-- Receiver Ean Randolph looked sharp catching passes and had USF's best numbers in the vertical leap (35 inches), broad jump (9 feet, 9 inches). And while he had the best 40 time at the workout, I think he would have liked to have posted something lower than a 4.57. The Big East Special Teams Player of the Year has speed as a strong asset, but I'm thinking NFL teams will be wary of his height (5-8.3). Green ran in 4.63 seconds, tight end Devin Gordon in 4.89 and quarterback Pat Julmiste in 4.81 seconds. Former safety Drametrice Smith, who worked out as well, ran a 4.75.
-- I don't want to dwell on the heights and weights, but I find the discrepancy striking between rosters and actual measurements. It could be as simple as USF measuring players in cleats and the pros going barefoot, but sometimes it's more than that. Julmiste, for instance, was listed at 6-3, 220, but he measured Friday as 6 feet, 0.6 inches, 232 pounds. Green, also listed at 6-3, 220, was 6 feet, 1.7 inches and 212 pounds. Nicholas measured at 6-1.1, 226, and St. Louis was 5-11.7, 227. Again, none of this takes away from what these guys were able to do on the field. I always think of Charles Barkley and remember I shouldn't be surprised. And in truth, nobody thinks about Barkley's height when they look at his career stats.
-- Nicholas was listed as running a 4.65 40, identical to St. Louis. That wouldn't put him in the top 10 compared to 40 times from the combine, but it's hard to compare times on different surfaces, indoor vs. outdoor, etc. ... Nicholas, by the way, has Chad Speck of Knoxville as his agent. Speck boasts Titans d-lineman Albert Haynesworth and newly signed Dolphins receiver Kelley Washington among his clients, and he's also representing Florida receiver Jemalle Cornelius in this draft.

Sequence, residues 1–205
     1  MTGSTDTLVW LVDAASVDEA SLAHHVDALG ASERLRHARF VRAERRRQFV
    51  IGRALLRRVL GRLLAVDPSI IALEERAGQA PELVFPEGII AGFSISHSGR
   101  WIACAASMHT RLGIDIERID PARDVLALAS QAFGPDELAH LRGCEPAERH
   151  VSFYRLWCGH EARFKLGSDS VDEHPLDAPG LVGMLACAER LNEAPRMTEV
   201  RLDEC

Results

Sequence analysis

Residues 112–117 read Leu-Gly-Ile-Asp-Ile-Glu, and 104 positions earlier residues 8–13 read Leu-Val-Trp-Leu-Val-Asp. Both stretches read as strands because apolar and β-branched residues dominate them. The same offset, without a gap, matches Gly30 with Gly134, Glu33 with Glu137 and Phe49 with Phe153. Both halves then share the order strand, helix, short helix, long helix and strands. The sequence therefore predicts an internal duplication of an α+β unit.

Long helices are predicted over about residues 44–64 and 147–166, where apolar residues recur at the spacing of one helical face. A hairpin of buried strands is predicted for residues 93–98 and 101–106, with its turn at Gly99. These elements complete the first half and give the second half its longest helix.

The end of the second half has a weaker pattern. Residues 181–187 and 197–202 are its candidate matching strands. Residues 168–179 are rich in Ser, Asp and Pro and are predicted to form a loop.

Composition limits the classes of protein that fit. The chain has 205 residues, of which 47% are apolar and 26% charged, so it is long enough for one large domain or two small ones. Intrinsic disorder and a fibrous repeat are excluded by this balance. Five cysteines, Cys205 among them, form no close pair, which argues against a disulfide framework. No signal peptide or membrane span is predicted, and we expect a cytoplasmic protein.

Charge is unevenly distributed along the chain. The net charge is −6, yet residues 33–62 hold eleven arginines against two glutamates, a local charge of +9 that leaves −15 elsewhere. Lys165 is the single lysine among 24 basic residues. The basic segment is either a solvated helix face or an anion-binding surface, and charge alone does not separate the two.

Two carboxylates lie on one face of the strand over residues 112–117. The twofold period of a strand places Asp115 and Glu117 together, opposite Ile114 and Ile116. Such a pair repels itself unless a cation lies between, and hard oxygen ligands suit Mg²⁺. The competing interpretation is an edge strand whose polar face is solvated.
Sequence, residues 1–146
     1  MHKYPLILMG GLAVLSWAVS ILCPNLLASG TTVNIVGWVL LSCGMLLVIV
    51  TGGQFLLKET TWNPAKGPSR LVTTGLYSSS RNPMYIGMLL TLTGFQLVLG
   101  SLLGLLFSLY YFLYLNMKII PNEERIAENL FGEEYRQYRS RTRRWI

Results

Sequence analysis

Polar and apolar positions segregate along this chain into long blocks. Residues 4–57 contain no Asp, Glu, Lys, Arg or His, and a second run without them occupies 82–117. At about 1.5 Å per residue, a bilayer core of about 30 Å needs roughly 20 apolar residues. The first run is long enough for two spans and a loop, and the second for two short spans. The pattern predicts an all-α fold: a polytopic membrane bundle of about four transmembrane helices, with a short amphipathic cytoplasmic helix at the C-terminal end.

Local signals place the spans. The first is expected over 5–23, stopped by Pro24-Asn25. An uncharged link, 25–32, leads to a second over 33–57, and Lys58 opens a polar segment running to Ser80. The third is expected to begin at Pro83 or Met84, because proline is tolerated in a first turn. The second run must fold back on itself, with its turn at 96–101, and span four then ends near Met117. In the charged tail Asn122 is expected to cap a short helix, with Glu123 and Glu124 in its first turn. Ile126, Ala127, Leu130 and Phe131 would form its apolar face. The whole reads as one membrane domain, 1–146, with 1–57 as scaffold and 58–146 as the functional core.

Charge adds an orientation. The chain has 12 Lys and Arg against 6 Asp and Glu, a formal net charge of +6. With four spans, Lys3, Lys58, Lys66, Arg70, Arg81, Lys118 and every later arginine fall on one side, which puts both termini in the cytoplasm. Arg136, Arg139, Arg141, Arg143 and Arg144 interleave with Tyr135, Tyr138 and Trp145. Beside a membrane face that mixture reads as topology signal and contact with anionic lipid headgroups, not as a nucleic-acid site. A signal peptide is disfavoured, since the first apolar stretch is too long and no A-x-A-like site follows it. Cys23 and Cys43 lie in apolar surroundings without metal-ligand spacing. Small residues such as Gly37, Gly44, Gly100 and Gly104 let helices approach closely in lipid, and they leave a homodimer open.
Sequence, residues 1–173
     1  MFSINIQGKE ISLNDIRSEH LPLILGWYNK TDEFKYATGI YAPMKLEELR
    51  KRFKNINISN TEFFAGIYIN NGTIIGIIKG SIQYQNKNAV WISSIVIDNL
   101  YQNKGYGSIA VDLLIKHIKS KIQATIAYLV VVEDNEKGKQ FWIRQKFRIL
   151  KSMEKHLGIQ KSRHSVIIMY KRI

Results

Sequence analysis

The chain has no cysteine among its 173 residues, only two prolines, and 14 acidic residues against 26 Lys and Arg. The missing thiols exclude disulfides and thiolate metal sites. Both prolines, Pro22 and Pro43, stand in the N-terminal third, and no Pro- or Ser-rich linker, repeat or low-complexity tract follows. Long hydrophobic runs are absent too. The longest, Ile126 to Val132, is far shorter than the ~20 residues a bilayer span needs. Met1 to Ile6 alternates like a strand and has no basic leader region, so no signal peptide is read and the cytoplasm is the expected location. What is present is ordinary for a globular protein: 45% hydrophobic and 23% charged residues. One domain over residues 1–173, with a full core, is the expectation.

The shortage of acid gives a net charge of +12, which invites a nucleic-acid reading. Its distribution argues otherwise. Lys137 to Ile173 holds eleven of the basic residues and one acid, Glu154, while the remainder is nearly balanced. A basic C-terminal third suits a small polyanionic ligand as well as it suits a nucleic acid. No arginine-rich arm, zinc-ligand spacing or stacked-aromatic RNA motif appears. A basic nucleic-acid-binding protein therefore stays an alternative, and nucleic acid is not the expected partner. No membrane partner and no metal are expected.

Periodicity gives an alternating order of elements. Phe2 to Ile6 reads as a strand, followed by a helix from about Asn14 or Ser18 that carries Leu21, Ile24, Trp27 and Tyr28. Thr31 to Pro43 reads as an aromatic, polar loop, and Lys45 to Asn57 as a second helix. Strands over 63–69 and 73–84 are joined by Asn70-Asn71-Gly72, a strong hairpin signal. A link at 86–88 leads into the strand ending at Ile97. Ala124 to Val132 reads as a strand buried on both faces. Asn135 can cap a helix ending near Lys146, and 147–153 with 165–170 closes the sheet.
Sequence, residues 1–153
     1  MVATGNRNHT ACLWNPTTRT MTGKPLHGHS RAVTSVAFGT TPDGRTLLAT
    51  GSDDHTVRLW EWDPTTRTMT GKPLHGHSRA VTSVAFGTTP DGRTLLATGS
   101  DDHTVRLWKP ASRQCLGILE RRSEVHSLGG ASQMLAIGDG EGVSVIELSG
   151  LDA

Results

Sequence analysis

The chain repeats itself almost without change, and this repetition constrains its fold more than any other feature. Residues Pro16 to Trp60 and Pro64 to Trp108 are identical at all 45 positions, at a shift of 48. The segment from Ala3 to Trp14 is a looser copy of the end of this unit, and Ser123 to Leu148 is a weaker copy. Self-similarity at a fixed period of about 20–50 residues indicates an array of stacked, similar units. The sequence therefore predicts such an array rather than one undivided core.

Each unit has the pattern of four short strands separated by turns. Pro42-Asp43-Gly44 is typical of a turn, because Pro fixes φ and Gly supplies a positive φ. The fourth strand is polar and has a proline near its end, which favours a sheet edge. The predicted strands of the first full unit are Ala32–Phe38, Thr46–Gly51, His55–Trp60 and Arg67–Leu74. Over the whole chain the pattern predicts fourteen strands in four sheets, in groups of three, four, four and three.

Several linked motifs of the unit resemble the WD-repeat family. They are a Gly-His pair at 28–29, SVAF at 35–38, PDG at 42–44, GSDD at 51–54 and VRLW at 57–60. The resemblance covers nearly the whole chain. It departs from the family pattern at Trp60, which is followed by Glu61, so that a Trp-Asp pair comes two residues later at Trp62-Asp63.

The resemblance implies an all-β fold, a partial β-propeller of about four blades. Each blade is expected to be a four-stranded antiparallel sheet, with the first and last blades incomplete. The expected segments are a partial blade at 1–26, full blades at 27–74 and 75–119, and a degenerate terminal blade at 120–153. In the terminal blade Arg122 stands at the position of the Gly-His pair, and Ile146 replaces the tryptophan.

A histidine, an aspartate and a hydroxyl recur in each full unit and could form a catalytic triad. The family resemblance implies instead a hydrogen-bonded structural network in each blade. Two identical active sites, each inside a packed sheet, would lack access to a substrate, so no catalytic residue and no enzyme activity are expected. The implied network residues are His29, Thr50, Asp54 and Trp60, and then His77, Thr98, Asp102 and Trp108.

-- To get a sense of the wide range of scouting eyes watching the draft, there were plenty of NFL scouts, but also a contingent from the Sarasota Millionaires, an awkwardly-named franchise in the Southern States Football League. I won't go so far as to call them semi-pro: According to the Sarasota Herald-Tribune, players with the Millionaires are not paid and must provide their own equipment. The team does not provide insurance and asks each player for a $250 registration fee for expenses. That's similar to my 4-year-old son's soccer league, though they might not have to provide juice boxes and snacks as often as I do.
-- If you missed Saturday's paper, we noted that walk-on receiver Colby Erskin (who had the team's fastest 40 time this spring at 4.26 seconds, edging freshman Carlton Mitchell at 4.28) will be placed on scholarship this fall. Erskin caught five passes for 73 yards as a freshman last fall. ... One roster note for the walk-on junkies: defensive end Matt Aycox, entering his redshirt sophomore season out of Gainesville, will get a look at tight end this spring. Aycox, listed at 220 pounds, will provide depth at tight end, where the Bulls graduate Will Bleakley and Devin Gordon. That puts him behind scholarship players Cedric Hill, Ben Busbee and Andrew Ketchel, but there's good history of walk-on tight ends making their way onto the field. Remember, too, that of the two tight ends signed last month, Mike McGowan is a greyshirt coming in January and Kevenski McGee hasn't posted qualifying entrance exam scores, so Aycox has a good shot at playing special teams, if nothing else.
Hope that's a good football fix for you guys, with spring football now just 10 days away ... Keep sending your comments here and e-mails to firstname.lastname@example.org. ...